Biological control agents may not be new, but the fact that all the major agchem companies are now taking a serious interest in them is.
Products have been on the market for years, mainly marketed by smaller specialist companies for use in protected crop areas such as glasshouses and, more recently, in the soft fruit and vegetable sector.
Now the multinationals are getting in on the act, which suggests they believe there is a much bigger market out there than is currently being tapped.
There are good reasons why biocontrol agents have remained relatively niche, says BASF’s speciality crops manager Robert Storer.
“It is partly due to the more controlled environmental conditions that facilitate their use. The horticulture sector has also lost many conventional products due to tighter and more expensive legislation, and supermarket protocols are putting pressure on those that remain. As a result we are seeing these products move into the higher-value vegetable sector, too.”
BASF has recently bought the European marketing rights for Serenade from US manufacturer Agraquest. This contains a strain of Bacillus subtilis – just like plenty of other products already on the market. However, there are thousands of strains, and this one – QST 713 – has been specifically selected as a broad-spectrum biofungicide and is Annex 1 listed.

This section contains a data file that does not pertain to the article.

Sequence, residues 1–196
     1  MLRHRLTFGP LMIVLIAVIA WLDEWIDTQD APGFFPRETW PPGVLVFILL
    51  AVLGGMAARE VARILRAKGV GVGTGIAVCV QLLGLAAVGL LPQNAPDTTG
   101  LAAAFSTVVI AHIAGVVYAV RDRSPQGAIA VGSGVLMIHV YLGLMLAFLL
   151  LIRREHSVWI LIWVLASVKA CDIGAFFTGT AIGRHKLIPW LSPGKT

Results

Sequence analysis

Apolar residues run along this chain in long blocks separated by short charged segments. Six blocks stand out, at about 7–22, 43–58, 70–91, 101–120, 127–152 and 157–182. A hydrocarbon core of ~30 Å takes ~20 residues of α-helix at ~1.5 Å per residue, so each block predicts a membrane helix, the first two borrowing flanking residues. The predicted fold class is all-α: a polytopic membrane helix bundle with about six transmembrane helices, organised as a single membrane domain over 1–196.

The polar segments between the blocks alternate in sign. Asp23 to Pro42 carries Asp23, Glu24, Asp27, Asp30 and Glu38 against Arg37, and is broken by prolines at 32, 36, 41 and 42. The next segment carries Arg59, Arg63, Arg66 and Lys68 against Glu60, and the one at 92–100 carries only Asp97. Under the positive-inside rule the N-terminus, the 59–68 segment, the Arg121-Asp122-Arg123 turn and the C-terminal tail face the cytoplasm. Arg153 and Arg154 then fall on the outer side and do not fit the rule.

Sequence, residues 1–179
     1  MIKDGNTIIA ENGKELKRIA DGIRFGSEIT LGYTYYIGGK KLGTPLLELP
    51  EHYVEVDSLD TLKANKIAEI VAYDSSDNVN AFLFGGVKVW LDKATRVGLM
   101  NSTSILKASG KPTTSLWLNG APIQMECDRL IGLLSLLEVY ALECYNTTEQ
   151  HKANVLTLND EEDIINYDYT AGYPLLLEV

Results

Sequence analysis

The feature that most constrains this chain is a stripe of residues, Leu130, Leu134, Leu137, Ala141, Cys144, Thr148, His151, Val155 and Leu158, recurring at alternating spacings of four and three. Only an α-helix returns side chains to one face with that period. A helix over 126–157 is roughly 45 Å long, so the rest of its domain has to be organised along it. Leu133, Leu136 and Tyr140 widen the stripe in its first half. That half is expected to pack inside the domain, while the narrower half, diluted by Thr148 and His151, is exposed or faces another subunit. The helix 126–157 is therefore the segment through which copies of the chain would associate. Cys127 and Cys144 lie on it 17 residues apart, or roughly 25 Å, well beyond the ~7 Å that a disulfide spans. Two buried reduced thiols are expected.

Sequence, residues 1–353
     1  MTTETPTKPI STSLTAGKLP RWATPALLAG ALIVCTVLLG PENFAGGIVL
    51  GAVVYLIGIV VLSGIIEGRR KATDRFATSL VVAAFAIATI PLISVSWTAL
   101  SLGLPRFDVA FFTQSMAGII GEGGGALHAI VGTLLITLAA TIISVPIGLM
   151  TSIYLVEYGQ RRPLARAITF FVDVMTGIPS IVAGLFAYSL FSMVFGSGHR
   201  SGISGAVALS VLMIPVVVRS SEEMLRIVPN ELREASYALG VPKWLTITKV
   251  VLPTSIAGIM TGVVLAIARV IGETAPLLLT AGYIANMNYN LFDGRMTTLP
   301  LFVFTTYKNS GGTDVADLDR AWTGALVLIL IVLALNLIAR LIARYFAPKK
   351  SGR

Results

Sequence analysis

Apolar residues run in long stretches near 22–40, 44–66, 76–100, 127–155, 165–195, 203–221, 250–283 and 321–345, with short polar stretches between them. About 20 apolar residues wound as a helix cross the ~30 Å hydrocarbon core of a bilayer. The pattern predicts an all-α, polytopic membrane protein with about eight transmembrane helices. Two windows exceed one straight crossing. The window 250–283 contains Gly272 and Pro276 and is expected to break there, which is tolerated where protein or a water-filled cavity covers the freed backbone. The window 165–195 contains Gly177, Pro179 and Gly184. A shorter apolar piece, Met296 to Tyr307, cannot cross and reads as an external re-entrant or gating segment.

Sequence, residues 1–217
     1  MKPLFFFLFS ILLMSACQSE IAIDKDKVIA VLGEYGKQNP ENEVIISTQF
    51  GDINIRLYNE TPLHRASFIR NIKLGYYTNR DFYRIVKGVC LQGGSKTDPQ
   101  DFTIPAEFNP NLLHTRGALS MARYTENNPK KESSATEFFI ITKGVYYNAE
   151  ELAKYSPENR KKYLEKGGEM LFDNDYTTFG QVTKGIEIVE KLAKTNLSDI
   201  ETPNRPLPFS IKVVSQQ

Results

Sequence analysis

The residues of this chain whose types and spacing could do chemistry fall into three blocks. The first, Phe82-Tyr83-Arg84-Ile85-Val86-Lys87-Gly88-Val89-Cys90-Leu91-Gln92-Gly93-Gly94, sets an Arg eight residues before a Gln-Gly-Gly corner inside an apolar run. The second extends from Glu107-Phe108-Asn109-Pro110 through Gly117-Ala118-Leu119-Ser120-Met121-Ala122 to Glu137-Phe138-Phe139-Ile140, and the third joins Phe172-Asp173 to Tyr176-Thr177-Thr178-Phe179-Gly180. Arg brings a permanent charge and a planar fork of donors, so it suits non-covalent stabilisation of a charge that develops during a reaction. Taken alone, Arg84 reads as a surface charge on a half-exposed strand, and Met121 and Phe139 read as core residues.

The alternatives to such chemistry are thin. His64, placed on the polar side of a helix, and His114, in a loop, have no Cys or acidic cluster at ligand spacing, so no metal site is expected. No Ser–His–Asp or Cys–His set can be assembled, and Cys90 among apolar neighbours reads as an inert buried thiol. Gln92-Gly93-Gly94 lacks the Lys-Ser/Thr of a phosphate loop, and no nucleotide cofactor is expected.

It has also been evaluated by CRD for its label claims, as any conventional chemical would be, unlike other strains sold commercially as growth stimulants, says Mr Storer.
“B subtilis produces lipopeptides, which attack fungal cell membranes. Our strain produces 10-1000 times more lipopeptides than other commercial strains, so it has the potential to be more effective.”
Currently, Serenade is pitched at the horticultural market. However, the potato market is comparable in many respects – many crops end up on the fresh produce shelves of supermarkets, so are subject to the similar supermarket protocols.
“We certainly see potential for Serenade in this market,” says Mr Storer. “It goes back to its ability to deliver low-residue produce as part of an integrated control programme.”
The product attacks a wide range of fungi, including late blight. But the key timing for these types of products has so far been at planting due to ease of application into relatively controlled conditions.
Given that Serenade shows good control of rhizoctonia and common scab, this would seem a most likely entry point for potatoes, Mr Storer notes. “It is widely proven in the USA at this timing as an in-furrow treatment and has also shown good growth-stimulating effects which help yield and grade-out.”
Syngenta could also be set to introduce a novel biological disease control agent, having acquired sole marketing rights in Europe for reysa, an extract of giant knotweed.
The product stimulates the plant’s immune systems to counter infection, explains technical manager Jon Ogborn. Trials across Europe have shown “quite remarkable results”, he notes, including reductions in powdery and downy mildew and botrytis.